FX comment: Ban on naked currency option short positions – Merkel reviews the options
Following last week’s unilateral ban on naked shorting of sovereign debt, associated credit default swaps and top-10 German financial stocks, German chancellor Angela Merkel’s finance ministry leaked draft proposals to extend the ban.
Apparently, an extension of the ban is being mooted that would encompass a ban on short selling of all shares and, bizarrely, euro-denominated currency derivatives. Quite what the German authorities think they will gain from such market-disruptive nonsense is hard to fathom.
How might a ban on naked currency option short positions possibly work? Ignore, for a moment, the fact that it is at present only the Germans that are suggesting this and imagine that the ban is implemented globally.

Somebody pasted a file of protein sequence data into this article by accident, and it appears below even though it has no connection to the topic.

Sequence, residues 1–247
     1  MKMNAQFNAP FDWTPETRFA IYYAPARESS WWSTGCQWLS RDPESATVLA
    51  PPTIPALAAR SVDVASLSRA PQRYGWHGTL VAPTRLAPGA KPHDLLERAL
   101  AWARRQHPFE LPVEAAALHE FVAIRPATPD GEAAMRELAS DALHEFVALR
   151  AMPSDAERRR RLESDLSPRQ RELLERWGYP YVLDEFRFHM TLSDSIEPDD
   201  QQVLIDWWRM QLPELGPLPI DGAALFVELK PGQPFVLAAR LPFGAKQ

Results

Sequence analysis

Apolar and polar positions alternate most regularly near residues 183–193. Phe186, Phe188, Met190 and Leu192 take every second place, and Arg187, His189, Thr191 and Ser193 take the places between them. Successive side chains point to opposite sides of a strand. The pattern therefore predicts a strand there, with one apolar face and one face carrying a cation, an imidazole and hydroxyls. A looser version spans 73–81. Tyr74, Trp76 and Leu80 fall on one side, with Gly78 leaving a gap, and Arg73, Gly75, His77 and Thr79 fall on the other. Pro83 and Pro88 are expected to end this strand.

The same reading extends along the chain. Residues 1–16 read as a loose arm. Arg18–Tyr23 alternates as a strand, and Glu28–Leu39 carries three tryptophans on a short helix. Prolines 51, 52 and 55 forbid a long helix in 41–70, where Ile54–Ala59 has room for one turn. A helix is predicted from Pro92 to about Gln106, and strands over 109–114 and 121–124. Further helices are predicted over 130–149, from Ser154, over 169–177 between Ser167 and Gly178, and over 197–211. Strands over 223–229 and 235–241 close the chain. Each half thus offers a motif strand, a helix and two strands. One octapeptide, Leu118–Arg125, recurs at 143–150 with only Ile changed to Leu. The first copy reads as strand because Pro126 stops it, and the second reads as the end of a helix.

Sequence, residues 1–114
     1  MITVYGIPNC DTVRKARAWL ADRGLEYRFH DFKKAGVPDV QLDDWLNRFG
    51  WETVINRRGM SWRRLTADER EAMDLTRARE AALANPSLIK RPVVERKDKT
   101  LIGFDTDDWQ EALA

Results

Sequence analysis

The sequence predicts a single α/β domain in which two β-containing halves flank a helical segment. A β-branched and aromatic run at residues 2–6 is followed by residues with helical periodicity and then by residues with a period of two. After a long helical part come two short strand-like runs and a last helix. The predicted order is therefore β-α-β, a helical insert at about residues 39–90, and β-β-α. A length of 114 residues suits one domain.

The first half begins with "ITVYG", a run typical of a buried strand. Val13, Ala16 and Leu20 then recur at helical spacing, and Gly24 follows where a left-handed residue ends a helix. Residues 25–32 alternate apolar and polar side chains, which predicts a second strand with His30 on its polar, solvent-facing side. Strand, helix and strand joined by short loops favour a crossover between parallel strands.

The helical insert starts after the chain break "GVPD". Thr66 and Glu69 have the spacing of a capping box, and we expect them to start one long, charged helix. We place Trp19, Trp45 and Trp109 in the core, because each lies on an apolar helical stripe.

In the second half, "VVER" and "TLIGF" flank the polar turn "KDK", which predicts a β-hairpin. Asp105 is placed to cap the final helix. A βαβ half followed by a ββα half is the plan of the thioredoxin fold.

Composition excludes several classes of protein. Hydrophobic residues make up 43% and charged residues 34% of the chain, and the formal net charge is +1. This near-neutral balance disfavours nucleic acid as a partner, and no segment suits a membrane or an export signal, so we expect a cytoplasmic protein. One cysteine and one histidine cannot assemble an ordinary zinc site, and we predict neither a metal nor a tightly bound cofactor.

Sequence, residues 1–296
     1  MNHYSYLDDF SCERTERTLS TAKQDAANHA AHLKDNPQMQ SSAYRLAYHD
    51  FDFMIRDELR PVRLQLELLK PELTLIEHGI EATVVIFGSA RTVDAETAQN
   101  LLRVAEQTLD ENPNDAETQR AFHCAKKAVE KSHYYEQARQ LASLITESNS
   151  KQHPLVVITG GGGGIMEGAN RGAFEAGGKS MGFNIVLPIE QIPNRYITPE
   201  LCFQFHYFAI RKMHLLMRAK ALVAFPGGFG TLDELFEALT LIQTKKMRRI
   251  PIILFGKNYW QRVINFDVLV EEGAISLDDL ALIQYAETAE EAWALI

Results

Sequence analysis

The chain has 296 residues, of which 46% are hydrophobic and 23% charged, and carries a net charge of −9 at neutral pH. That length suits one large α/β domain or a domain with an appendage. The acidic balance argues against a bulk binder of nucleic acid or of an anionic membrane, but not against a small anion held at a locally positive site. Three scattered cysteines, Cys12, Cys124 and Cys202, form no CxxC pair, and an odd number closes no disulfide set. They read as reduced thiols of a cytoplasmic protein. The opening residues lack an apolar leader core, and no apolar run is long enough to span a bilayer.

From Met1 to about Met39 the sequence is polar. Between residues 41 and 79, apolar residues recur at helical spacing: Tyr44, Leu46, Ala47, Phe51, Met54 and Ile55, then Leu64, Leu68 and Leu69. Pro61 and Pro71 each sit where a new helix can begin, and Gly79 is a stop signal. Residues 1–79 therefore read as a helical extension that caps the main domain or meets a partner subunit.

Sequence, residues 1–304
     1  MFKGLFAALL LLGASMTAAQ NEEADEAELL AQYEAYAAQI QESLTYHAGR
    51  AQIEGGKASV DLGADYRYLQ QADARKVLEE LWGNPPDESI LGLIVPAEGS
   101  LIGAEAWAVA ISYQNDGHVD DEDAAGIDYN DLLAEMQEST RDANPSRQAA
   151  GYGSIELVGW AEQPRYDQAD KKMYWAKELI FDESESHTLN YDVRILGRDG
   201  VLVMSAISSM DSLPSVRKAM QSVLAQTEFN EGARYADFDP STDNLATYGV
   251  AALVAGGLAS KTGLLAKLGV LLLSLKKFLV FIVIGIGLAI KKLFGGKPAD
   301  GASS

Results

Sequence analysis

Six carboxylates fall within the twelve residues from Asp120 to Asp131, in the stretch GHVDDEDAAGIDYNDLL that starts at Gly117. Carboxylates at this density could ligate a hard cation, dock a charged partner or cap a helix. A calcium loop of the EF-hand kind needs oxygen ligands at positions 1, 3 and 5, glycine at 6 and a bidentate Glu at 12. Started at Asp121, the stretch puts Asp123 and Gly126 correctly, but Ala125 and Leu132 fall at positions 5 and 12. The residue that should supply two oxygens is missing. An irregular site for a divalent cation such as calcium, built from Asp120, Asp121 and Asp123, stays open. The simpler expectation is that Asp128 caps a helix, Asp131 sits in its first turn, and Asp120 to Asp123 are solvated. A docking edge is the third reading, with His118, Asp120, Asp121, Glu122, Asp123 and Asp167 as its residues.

Optionality is a strange beast: an option may have an underlying but the only way to truly hedge a short option is to buy an option with exactly the same strike and expiry. Under a short-selling ban, if a market-maker hasn’t got the required option on his book, he can’t sell it; and the customer will have extreme difficulty in buying one. The currency option market effectively disappears.
This outcome might be welcomed by Merkel and, although he has declined to impose such bans himself, by French president Nicolas Sarkozy. However, while the market might sometimes over-promote the ‘God’s work’ (© L. Blankfein) it is doing in facilitating world trade, we will be back in the Dark Ages of hedging if currency options are not available.